Cynthia Macdonald spent eight years as a film and book critic, as well as a reporter and interviewer for a variety of award-winning radio and television programs, most notably TVO’s Imprint and CBC Newsworld’s On the Arts. Prior to that she worked as a print journalist, contributing articles to publications such as enRoute, Time Out and University of Toronto Magazine. As a volunteer, she has worked as a literacy tutor, counsellor and interpreter for recent immigrants, and as an intake worker at a drop-in centre and food bank. She is married with two children and lives in Toronto.
About Cynthia MacDonald
An Interview with Cynthia MacDonald
More About Cynthia MacDonald
1. Can you tell us a little bit about your background -- where
you grew up, things you've done?
I was born in Montreal, raised in Edmonton, and have conducted my
adult life in Toronto. I've spent a great deal of time as both a
print and broadcast journalist, chiefly writing and commenting
about books and film, with side trips into interesting miscellany
such as cab safety, Hawaiian volcanoes, and hippies. Over the
years I've also worked as a volunteer in various capacities:
interpreter, food server, counsellor, and tutor. I'm married and
have two daughters.
2. How did you get started as a fiction writer?
What did I want to be when I grew up? An "authoress," and yes,
that is how I put it, until about age fourteen, when my
embarrassed friends told me to knock it off and join the
twentieth century. I come to fiction writing late, I must admit.
And yet I have always been an authoress: of technical manuals,
public relations bumpf, a lauded but tragically unfilmed
screenplay, fringe theatre and radio plays, magazine articles,
shopping lists, emails, and -- most glitteringly fictional of all
-- notes to my children’s teachers.
3. How did you come to write _Alms_? How did it get started?
_Alms_ started life as a very long dossier of notes on altruism.
I wasn't sure what I would do with this weird, obsessional diary.
I called it a novel so as not to appear crazy, though what I
actually had on my hands was several sheaves of aphorisms, enough
to stuff a thousand fortune cookies. Eventually one of these
sparked a scene. Others followed in like manner.
4. What was your process in writing? Did you find yourself
concentrating on one character or one voice at a time, or on one
aspect of the narrative, or did things come together pretty
Every scene started as an idea, which was then played out through
the characters. The book was not written in a linear fashion at
all. Some of the key questions that are dealt with in the book
include: Are charity and love really the same thing? Can you use
charity as therapy for yourself? What place should a
consciousness of poverty have in your life?
You know, when I was a child, poverty was such a simple concept:
it meant you didn’t have things you should have, that you worked
too hard, you suffered too much. The idea made me sniffy with
righteousness up until my early twenties. Eat the rich! But then
I came to see that poverty in modern Toronto was often
inextricably linked to questions of crime and mental illness. I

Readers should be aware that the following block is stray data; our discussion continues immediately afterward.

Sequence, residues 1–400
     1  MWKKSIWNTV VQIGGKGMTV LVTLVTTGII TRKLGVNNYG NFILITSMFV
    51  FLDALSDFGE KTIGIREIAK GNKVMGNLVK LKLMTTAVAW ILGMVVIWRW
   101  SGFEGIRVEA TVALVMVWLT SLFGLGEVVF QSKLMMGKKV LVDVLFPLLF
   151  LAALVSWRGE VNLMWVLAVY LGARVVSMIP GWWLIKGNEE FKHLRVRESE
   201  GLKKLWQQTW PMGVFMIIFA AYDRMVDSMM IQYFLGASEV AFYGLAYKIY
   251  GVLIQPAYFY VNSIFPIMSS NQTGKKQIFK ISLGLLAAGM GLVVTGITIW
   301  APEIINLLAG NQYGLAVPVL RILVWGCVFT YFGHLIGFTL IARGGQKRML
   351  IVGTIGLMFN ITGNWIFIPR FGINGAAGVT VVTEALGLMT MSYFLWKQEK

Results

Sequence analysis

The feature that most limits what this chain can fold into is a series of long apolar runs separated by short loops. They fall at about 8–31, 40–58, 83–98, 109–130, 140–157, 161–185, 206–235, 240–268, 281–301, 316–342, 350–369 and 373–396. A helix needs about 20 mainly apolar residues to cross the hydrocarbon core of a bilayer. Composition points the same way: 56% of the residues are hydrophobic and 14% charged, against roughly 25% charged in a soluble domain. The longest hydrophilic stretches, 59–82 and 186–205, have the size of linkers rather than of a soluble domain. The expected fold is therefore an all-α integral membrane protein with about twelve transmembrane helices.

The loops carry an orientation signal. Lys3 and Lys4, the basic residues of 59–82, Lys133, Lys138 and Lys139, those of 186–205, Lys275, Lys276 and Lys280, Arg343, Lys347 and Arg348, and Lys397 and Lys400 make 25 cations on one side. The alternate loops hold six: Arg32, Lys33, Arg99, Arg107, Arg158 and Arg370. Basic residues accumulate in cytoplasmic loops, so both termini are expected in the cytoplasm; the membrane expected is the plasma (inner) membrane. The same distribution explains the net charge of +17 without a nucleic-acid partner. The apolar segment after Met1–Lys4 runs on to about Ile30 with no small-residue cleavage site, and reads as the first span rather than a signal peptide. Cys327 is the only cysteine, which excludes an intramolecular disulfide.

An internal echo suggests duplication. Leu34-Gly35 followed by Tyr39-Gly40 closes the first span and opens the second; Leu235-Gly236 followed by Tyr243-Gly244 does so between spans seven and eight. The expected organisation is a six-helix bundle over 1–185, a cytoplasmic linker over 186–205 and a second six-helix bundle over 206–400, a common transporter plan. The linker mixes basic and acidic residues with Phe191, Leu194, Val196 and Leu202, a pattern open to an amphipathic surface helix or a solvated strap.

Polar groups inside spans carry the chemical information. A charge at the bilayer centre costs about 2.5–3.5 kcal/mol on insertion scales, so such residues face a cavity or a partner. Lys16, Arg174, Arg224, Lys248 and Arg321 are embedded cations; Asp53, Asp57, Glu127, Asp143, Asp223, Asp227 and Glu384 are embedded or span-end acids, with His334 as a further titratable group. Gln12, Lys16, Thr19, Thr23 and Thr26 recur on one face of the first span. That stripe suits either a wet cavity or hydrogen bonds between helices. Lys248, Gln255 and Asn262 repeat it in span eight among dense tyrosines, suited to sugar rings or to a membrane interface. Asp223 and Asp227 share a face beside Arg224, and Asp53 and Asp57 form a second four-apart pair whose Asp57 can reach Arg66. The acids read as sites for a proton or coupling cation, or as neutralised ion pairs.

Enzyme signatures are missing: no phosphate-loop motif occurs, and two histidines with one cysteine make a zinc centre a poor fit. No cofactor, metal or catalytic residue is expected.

had to confront my fear of such things if I were to continue my
volunteer work. It was hard at first.
But I found that the best way was to make peace with the sinner,
the depressive, the "other-sider" in me -- the fragile character
underneath the apparently normal woman, the person who could just
as easily end up on the streets as anyone else, even with so much
outside love and support. This voyage inside weakened me. But it
also gave me a connection with people from whom others so readily
Goodness is a topic that has always made me uncomfortable, and I
was interested in exploring why that was so. When I searched the
bookstores, all the books on the subject were written by people
who were obviously much finer than I was (Jean Vanier, Aristotle)
or who at least styled themselves as much finer than I was
(William Bennett, Dr. Laura Schlessinger). I thought it was time
for a book on goodness told from the point of view of a highly
flawed person -- a bad woman, in many respects -- someone who
yearned for decency but couldn't quite achieve it. You never feel
put down by Martine Craythorn. You feel, comparatively, good. And
you probably are.
I also noticed that most of the recent novels dealing with virtue
had been written by men: Richard Price (_Samaritan_), Dave Eggers
(_You Shall Know Our Velocity_), Nick Hornby (_How to Be Good_).
That’s because virtue is a very creepy topic for women to take
on. We fear that to even address it is to be plunged back into
dreary lives of dishwashing, succor, and consecutive pregancies.
It’s a legitimate fear. At the same time, a world without virtue
would be no kind of world at all.
5. Who are some other writers whose work you admire?
Some of my favourite authoresses, with a few authors thrown in
for good measure: Edith Wharton, Flannery O'Connor, John Cheever,
John O'Hara, Philip Roth, Lorrie Moore, Gabriel Garcia Marquez,
Vladimir Nabokov, Mordecai Richler, Nikolai Gogol, Anton Chekhov,
and most of the Beats.
_Alms_ was especially influenced by the lives and work of two
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writers: Simone Weil and George Orwell.
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